Although it ranked sixth in the country among states, a new report gives Washington’s electric-vehicle policies a score of 54 out of 100. (scharfsinn86/Adobe Stock)

February 5, 2021

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SEATTLE – Washington state is on the right track for electrifying its transportation sector, but still has work to do, according to a new report.

The American Council for an Energy-Efficient Economy has taken a comprehensive look at states’ policies for deploying electric vehicles, and ranks the Evergreen State sixth in the nation.

The group’s Director of State Policy, Bryan Howard, said Washington could improve in a few key areas.

“Where Washington missed some points was [it] does not have state- or utility-administered programs that provide grants and incentives to help individuals in low-income or distressed communities,” said Howard, “pointing to a few top areas where the Legislature, executive branch and utility regulators could set new policies.”

Howard said the state also could provide purchase incentives for commercial vehicles, like buses and transportation trucks. But he praised its building codes to ensure they’re wired for vehicle charging.

Still, the report gives Washington 54 points out of 100. California was the only state to score more than 90 points.

Howard said it’s also a good sign that Washington has adopted California’s zero-emission vehicles program, which requires passenger-car manufacturers to phase in a growing number of zero-emission vehicles over the next few years.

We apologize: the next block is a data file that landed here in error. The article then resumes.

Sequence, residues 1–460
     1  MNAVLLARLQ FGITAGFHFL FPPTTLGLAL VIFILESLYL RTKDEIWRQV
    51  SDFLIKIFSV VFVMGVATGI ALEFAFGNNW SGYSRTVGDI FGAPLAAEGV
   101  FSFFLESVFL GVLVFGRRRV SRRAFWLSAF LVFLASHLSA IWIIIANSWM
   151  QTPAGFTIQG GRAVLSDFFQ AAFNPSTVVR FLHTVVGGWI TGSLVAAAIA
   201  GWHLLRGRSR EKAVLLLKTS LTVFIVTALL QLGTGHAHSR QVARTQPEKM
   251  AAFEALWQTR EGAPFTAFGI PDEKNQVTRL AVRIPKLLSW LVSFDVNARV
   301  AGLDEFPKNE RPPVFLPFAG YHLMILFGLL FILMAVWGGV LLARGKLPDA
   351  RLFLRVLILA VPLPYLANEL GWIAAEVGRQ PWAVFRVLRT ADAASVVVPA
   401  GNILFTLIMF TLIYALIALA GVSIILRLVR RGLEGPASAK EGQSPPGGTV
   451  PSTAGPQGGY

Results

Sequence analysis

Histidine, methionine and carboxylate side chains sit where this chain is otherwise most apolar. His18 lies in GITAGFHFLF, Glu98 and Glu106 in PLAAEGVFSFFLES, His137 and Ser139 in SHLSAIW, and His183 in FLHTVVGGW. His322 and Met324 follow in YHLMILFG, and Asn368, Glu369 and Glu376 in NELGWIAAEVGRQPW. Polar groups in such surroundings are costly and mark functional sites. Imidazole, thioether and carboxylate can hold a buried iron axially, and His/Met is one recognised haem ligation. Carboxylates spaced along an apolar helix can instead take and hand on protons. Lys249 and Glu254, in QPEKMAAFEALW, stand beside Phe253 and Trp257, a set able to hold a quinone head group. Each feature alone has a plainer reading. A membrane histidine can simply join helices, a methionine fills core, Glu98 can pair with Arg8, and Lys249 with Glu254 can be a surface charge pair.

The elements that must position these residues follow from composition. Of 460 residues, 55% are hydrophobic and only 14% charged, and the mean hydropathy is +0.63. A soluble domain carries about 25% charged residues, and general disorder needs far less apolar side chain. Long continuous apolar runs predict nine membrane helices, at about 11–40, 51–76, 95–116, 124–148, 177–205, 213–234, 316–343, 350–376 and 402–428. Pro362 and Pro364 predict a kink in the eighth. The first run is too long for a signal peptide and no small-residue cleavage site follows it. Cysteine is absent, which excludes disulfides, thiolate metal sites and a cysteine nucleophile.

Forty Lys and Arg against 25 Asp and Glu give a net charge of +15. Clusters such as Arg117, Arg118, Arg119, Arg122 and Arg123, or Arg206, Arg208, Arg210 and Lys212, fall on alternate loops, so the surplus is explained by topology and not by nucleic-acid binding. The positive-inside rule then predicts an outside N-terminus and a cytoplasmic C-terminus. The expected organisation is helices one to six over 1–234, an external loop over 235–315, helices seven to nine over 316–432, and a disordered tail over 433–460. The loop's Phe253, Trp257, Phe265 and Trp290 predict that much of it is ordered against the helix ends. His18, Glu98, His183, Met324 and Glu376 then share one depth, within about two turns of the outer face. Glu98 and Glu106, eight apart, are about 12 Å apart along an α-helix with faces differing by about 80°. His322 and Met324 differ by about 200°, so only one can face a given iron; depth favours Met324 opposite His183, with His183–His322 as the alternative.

He added this provides incentives for automakers to move in that direction.

“Those market signals are continuing to grow,” said Howard. “And it bodes well that a strong, supportive state backdrop allows the vehicle manufacturers to feel comfortable that that transition is going to continue, and is going to be supported by state policy.”

The transportation sector is the biggest source of greenhouse gases in the country. Howard said along with mitigating the effects of climate change, the move to reduce emissions has an important impact on people’s health.

“Improving air quality, reducing pollution near major transportation corridors,” said Howard, “those are important quality-of-life issues that obviously have huge impacts beyond just global climate change.”